The olfactory input is the ability to perceive and interpret odors. Smell like the other sensations is closely connected to emotions. A smell can either bring back good or bad memories of a place, event or person.

Example of symptoms of dysregulation:

Children with sensory issues can be very sensitive to smells, these children can be affected by the smell of perfume, paint, or even the smell of their own bowel movement can be offensive to them.

Visual (Sight) input

The visual input is the ability to see and decipher your environment. If visual information is not perceived and processed accurately it can be distracting and it will interfere with learning.

Example of symptoms of dysregulation:

Certain children may be hypersensitive to light where you’ll see them squinting. For some children reading from a white background is too glaring for them. Children with autism are generally are affected fluorescent light as it tends to flicker and can be very distracting for them. The use of colored overlays may assist in making it easier on their eyes


Interoception is the ability to perceive one’s own bodily sensations such as your gut, heart beat, respiratory sensation such as knowing when you are hungry or when you need to use the toilet.

Example of symptoms of dysregulation:

There is a disruption in the message being relayed that causes a delay in the processing of information resulting in the child not realizing they are getting hungry or that they need to use the toilet. This results in the child either getting upset when they do not get their food immediately. The delay in processing the information also affects the timing for going to the toilet on time resulting in toileting accidents.

Dr Ayers described sensory processing dysfunction as ‘traffic jam” in the brain. Here, sensory information gets tied up in traffic where some parts of the brain did not get the important sensory information to get the job done. Hence, this affects the brain’s ability to process or organize the flow of sensory information in a manner that would give the child good, precise, information for the world (Ayres, 1979). She introduced the concept of some children being under -responsive while there are others who are over-responsive. Examples of this would be a child stepping on hot pavement with their bare feet and not flinching. This child is under- responsive to the tactile sensation from the hot pavement. This is dangerous as the child sensory system is not alerting the child and heat from the pavement can blister the child’s feet.

In the next scenario is a child going to the beach and screaming because the child does not like the sensation of sand on their feet. This child is over-responsive to the sensation of sand which is not alarming to others. Dr Ayres was the first to highlight that when sensory information is not processed well, it leads to ineffective behavior and learning for the child. This leads to maladaptive behavior, when sensory information is not processed well, such that the child has difficulty handling or coping with the ordinary demands and stresses in the environment.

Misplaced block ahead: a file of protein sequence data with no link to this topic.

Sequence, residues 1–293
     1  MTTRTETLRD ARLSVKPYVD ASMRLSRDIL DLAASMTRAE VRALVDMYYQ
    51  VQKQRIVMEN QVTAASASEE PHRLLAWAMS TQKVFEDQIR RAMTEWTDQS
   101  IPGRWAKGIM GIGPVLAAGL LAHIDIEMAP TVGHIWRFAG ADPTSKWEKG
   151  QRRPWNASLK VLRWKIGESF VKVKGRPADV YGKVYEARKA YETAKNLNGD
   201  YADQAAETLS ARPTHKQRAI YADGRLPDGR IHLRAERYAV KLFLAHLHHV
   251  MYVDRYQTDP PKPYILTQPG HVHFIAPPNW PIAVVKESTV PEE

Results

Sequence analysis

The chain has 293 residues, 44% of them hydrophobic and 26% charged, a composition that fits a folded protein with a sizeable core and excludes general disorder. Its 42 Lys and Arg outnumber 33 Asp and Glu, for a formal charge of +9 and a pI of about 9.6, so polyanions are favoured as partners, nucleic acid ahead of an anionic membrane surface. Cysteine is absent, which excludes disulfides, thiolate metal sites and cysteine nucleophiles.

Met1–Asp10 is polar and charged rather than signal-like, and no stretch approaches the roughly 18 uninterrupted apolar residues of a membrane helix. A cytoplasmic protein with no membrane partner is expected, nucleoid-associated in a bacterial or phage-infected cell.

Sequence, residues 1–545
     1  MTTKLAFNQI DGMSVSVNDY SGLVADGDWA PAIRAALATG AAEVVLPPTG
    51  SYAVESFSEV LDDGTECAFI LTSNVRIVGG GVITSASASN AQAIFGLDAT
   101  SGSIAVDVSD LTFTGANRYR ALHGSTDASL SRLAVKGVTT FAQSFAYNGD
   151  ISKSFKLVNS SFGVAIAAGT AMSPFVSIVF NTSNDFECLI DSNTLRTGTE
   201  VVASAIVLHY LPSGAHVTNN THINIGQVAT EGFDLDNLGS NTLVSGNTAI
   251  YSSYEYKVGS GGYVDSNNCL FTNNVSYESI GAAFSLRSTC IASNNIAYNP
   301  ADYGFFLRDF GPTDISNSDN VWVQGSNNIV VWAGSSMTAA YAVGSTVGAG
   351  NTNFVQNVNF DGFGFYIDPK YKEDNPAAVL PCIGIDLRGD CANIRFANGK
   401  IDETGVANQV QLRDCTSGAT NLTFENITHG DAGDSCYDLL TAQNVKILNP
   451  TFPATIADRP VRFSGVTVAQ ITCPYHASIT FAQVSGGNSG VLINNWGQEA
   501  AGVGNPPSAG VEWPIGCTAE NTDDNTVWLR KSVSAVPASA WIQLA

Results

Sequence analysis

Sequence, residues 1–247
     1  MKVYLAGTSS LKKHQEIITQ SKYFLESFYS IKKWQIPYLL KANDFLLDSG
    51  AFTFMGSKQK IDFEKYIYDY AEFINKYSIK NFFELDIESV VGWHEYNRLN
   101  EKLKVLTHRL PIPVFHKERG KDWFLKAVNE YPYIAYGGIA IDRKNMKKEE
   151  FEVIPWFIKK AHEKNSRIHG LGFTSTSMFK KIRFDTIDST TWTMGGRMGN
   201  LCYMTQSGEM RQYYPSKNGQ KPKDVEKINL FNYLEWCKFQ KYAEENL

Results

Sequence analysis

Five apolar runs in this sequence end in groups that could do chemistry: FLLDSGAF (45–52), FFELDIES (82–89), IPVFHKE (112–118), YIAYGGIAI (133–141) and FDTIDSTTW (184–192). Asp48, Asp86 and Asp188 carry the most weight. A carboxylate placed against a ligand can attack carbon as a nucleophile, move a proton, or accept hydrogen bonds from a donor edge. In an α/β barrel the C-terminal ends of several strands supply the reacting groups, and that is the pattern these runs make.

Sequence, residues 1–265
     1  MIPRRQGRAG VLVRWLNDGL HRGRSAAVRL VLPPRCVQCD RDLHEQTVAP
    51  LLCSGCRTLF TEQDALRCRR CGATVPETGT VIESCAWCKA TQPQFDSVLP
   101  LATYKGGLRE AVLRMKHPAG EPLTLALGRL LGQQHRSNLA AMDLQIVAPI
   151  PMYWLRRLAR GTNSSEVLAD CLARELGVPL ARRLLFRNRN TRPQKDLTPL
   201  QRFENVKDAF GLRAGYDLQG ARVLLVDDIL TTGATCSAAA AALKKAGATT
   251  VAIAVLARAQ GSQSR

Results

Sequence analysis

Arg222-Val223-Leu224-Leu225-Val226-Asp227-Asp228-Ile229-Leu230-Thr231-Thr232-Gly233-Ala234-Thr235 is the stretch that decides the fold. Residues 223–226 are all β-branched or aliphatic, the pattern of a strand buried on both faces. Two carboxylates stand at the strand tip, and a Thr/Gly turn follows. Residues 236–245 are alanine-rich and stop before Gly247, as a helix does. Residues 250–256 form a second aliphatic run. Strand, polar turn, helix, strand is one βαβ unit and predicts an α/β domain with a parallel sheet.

On a daily basis, a child with sensory processing dysfunction undergoes constant sensory bombardments which they are unable to control. For these children, every day is a constant battle trying to navigate through normal daily activities such as getting dressed, being on a bus or train with others, having a meal, trying to stay focused in a classroom or trying to play with other children. What’s most distressing and frustrating for these children is that others around them seem oblivious of their discomfort. What others around this child might see is a child withdrawing or overreacting to a situation. When really this child is going through distress and trying to protect him/herself.

Understanding the underlying sensory processing difficulties and how it may manifest as a behavioral response is key in managing these children and also teaching them self-management skills. It is also important to remember once the child’s sensory processing issues are being treated and managed, it is important to also help this child get desensitized by giving them access to the sensory adaptations such as headphones or allowing them to experience different textures with the child being in control when to wear or touch the items. This would help the child in learning self-management skills. Gradual exposure to different sensory sensations in the environment provides the child with opportunities to learn, develop skills, and adapt to the environmental needs. They would have a roadmap in their mind of what possibly to expect and which self-management strategies to use in adapting to their environmental needs.


Ayres, A.J. (1979). What is sensory integration? In A.J. Ayres, Sensory Integration

and the child (pp.1-11). Los Angeles: Western Psychological Services.

Krishnan, K.N.(2018). The SI Solution. The definitive family guide in thriving during sensory

integration dysfunction. Self Published.